Suzuki considering two new models for Pakistan

ISLAMABAD: Pak Suzuki Motor Company (PSMC), the country’s largest carmaker, is planning to introduce two fresh variants in the local market, besides setting up a manufacturing plant for spare parts at a total investment of $430 million.

Under the new auto policy – which has been pending for quite some time – the Japanese company will look to add to its existing fleet as it looks to tap a growing market. However, an official close to the development said the investment was contingent on the government extending a tax rebate similar to that being offered to new entrants in the proposed auto policy.

According to details received here on Tuesday, PSMC will introduce a smaller car in the 660cc engine category, while also introducing a 1,600cc compact SUV.

The two new variants will take up around $110 million of the total investment. The remaining amount will go in setting up the manufacturing plant for spare parts.

Details revealed that the global head of the Suzuki company shared the investment plan with the federal minister for industries in Islamabad.

Read more » The Express Tribune
See more » http://tribune.com.pk/story/1010654/660-and-1600cc-variants-suzuki-considering-two-new-models-for-pakistan/

Visual Karachi: From Paris of Asia, to City of Lights, to Hell on Earth

BY NADEEM F. PARACHA

Clustered diversity

Karachi confuses people – sometimes even those who live in it.

The capital of Pakistan’s Sindh province, it is the country’s largest city – a colossal, ever-expanding metropolis with a population of about 20 million (and growing).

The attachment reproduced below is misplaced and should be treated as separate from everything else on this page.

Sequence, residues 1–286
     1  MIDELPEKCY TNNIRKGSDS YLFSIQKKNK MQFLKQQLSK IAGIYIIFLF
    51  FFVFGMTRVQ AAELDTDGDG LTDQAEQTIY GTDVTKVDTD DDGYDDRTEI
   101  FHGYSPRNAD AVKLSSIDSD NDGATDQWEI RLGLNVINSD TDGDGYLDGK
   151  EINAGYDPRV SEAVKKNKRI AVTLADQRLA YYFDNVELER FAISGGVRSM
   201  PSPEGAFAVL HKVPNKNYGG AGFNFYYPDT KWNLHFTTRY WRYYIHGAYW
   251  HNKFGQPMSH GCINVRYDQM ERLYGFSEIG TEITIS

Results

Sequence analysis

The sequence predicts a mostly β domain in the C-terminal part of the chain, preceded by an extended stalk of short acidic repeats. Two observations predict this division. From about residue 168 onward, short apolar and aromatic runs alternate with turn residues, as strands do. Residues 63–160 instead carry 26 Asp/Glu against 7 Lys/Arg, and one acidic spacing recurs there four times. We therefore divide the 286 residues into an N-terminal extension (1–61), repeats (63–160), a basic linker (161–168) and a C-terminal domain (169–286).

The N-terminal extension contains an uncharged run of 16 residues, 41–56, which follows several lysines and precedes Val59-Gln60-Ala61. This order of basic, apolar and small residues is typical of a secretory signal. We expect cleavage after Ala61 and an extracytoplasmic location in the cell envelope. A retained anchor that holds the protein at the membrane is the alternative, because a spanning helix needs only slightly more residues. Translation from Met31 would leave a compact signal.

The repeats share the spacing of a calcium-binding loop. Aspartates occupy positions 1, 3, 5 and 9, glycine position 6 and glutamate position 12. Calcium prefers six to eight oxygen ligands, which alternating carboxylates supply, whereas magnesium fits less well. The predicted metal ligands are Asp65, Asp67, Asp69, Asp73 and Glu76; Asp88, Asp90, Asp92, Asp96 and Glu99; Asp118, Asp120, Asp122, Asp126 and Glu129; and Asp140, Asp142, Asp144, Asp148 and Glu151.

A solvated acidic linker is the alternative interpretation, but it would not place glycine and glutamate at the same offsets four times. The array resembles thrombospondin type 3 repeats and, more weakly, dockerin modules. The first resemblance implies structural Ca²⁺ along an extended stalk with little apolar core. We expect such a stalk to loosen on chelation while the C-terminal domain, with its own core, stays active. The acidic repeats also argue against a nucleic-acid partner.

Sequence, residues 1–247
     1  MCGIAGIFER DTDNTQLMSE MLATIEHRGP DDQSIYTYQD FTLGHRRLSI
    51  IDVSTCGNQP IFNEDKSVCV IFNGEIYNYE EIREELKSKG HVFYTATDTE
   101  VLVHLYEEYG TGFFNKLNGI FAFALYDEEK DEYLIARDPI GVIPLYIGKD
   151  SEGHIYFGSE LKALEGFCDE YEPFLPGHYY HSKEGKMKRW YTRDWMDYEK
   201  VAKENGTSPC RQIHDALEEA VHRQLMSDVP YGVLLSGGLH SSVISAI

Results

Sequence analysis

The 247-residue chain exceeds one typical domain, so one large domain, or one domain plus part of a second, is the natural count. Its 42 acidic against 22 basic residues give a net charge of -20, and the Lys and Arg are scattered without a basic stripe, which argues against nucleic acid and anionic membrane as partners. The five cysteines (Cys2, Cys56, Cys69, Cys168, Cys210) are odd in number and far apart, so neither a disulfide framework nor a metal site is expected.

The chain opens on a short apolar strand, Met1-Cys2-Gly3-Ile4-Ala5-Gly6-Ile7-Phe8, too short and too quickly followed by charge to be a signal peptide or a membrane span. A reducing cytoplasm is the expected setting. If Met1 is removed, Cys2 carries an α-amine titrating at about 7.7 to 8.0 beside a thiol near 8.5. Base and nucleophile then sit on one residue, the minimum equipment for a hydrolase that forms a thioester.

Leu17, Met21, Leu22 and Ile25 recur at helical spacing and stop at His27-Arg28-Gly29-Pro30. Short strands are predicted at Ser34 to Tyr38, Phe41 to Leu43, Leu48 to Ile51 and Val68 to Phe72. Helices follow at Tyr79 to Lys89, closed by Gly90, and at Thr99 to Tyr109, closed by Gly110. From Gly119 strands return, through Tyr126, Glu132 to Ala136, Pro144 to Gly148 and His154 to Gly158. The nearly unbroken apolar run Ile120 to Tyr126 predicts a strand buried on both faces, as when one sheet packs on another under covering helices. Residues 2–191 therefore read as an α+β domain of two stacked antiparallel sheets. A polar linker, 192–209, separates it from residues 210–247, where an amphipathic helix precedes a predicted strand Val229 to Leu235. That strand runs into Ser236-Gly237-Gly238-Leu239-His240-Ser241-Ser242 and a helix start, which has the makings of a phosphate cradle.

It is also the country’s most ethnically diverse city. But over the last three decades this diversity largely consists of bulky groups of homogenous ethnic populations that mostly reside in their own areas of influence and majority, only interacting and intermingling with other ethnic groups in the city’s more neutral points of economic and recreational activity.

That’s why Karachi may also give the impression of being a city holding various small cities. Cities within a city.

Read more » DAWN
See more » http://www.dawn.com/news/1134284

Pakistan surprised by its inclusion in 34-nation military alliance

BY BAQIR SAJJAD SYED

ISLAMABAD: Pakistan found itself in the crosshairs of Middle Eastern politics on Tuesday as Saudi Arabia named it as part of its newly formed 34-nation military alliance of Muslim countries meant to combat terrorism, without first getting its consent.

Talking to journalists, Foreign Secretary Aizaz Chaudhry said he was surprised to read the news that Saudi Arabia had named Pakistan as part of the alliance.

He said he had asked the country’s ambassador in Riyadh to get a clarification from Saudi Arabia on the matter.

Another senior official also confirmed that Pakistan was not consulted before inclusion in the alliance.

In a statement on Tuesday, the Saudi government surprised many countries by announcing that it had forged a coalition for coordinating and supporting military operations against terrorism in Iraq, Syria, Libya, Egypt and Afghanistan. The headquarters of the new Saudi-led coalition would be based in Riyadh.

This is not the first time that Saudi Arabia has named Pakistan as part of its military alliances without Islamabad’s knowledge and consent. The Saudis earlier named Pakistan as part of the coalition that carried out operations in Yemen and a Pakistani flag was displayed at the alliance’s media centre.

Pakistan later declined to join the Yemen war.

It is Pakistani government’s policy that it will not deploy its troops outside the country’s borders except for UN peacekeeping missions.

In the past Pakistan has twice rejected US calls for joining alliances against the militant Islamic State (IS) group on the same pretext.

“We are not looking for any involvement outside our region,” army spokesman Lt Gen Asim Bajwa had said last month while replying to a question about the possibility of Pakistan becoming part of a US-led coalition against IS.

It is unclear how Riyadh went ahead with announcing Pakistan’s participation in the new alliance. It is also difficult to speculate if Islamabad will change its policy because of its close ties with the kingdom.

Read more » DAWN
See more » http://www.dawn.com/news/1226723/